Change is, it's just not always good. That's why it's daunting. When Sab-E-Lee, one of San Diego's most revered Thai eateries, left its cramped original digs at the northeast corner of Linda Vista Road and Ulric Street there was a tangible sense of concern among its devotees. How would it fare in a larger space and, perhaps most of all, what would—could—replace it? The answer to the latter question is that the Sab-E-Lee's owners did another restaurant in the same space: Thai Papaya (2405 Ulric St.) in Linda Vista. The more important answer is: It's good. Very good.
Where Sab-E-Lee is more of an all-around Thai restaurant, Thai Papaya is focused on the regional foods of Northern and Northeastern Thailand. Befitting the restaurant's name, one of its specialties is som tam, green papaya salad. In fact, it offers more than a dozen versions of the dish. At its base the som tam is built around shredded unripe papaya and a spicy dressing featuring Thai Bird chiles, lime, dried shrimp and fish sauce. In addition to the classic Thai dish and its Lao version (using fermented, extra-funky Lao-style fish sauce), there are takes featuring pickled crab, blue crab, snail meat, pork sausage and more. My favorite, though, was som tam khai kem with salted egg. Spicy, sour, sweet, salty, pungent with just a touch of bitterness, the som tams show what Issan cuisine is all about.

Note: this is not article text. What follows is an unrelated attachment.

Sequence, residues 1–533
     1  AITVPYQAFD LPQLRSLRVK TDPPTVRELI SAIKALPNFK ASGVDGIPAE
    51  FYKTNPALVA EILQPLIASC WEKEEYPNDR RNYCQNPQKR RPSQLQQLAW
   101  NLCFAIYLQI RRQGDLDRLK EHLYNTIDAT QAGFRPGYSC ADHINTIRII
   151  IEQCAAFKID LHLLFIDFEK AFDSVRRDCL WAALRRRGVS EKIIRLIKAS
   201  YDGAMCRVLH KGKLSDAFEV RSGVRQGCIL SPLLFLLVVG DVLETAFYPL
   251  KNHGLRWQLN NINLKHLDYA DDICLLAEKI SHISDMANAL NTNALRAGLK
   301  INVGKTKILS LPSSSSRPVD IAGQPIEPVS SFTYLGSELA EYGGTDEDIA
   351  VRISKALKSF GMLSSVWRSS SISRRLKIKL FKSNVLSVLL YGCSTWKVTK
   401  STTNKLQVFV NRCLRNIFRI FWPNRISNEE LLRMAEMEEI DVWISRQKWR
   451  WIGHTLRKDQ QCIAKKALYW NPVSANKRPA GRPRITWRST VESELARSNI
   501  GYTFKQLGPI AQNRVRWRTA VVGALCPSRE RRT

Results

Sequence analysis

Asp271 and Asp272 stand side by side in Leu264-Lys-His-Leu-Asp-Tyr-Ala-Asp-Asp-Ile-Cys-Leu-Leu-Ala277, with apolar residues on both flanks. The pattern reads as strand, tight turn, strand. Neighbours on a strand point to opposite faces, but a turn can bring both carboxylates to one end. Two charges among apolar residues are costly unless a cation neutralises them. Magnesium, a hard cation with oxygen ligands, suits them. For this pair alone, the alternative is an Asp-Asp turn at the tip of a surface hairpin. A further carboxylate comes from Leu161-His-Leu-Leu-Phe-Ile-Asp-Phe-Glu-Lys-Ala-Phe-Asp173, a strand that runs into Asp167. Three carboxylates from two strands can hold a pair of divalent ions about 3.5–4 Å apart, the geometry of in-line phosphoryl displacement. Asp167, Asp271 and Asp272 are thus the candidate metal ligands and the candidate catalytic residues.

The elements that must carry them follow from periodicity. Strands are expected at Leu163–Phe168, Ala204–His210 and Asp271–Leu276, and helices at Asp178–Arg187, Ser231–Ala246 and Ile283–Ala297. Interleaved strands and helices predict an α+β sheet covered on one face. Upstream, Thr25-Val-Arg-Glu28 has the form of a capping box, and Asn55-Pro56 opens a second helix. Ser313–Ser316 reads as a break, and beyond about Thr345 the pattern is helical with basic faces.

In addition to the dozen som tams there are at least seven versions of larb, a salad of minced meat, lime, fish sauce and fresh herbs. Squid, duck, shrimp, chicken, catfish and beef are available. But none are better than the simple pork version.
Thai Papaya also features the noodle dishes—particularly noodle soups—for which the northern reaches of Thailand is known. Try the beef stew noodles featuring a subtle, sweetly spiced beef blood broth, surprisingly tender offal (liver, tripe and tendon) and egg noodles. But the best of the noodle dishes is khao soi, the signature Northern Thai dish, featuring egg noodles in a coconut curry soup. The noodles themselves appear both in boiled as well as deep-fried form, a rich curry and a chicken drumstick brimming with dark meat flavor. It is a complex dish with layered flavor and diverse textures. Thai Papaya doesn't offer khao soi all the time, but when it's available, order it.
You can get the rainbow curries—red, yellow and green (and panang)—at Thai Papaya, but why? You can get them anywhere. The things to get at Thai Papaya are the ones you don't see anywhere else. From obscure som tams to different larbs to dishes like Spicy Thousand Year Eggs (preserved eggs and pork) and various takes on offal, if you haven't heard of the dish it's probably the one you should try at Thai Papaya.
Adventurous, with uncompromising flavors, Thai Papaya chooses not to speak down to its customers. And that's what's exciting about it. The odd thing about the transition from Sab-E-Lee to Thai Papaya is that while the menu changed and the concept, too, the spirit really did not.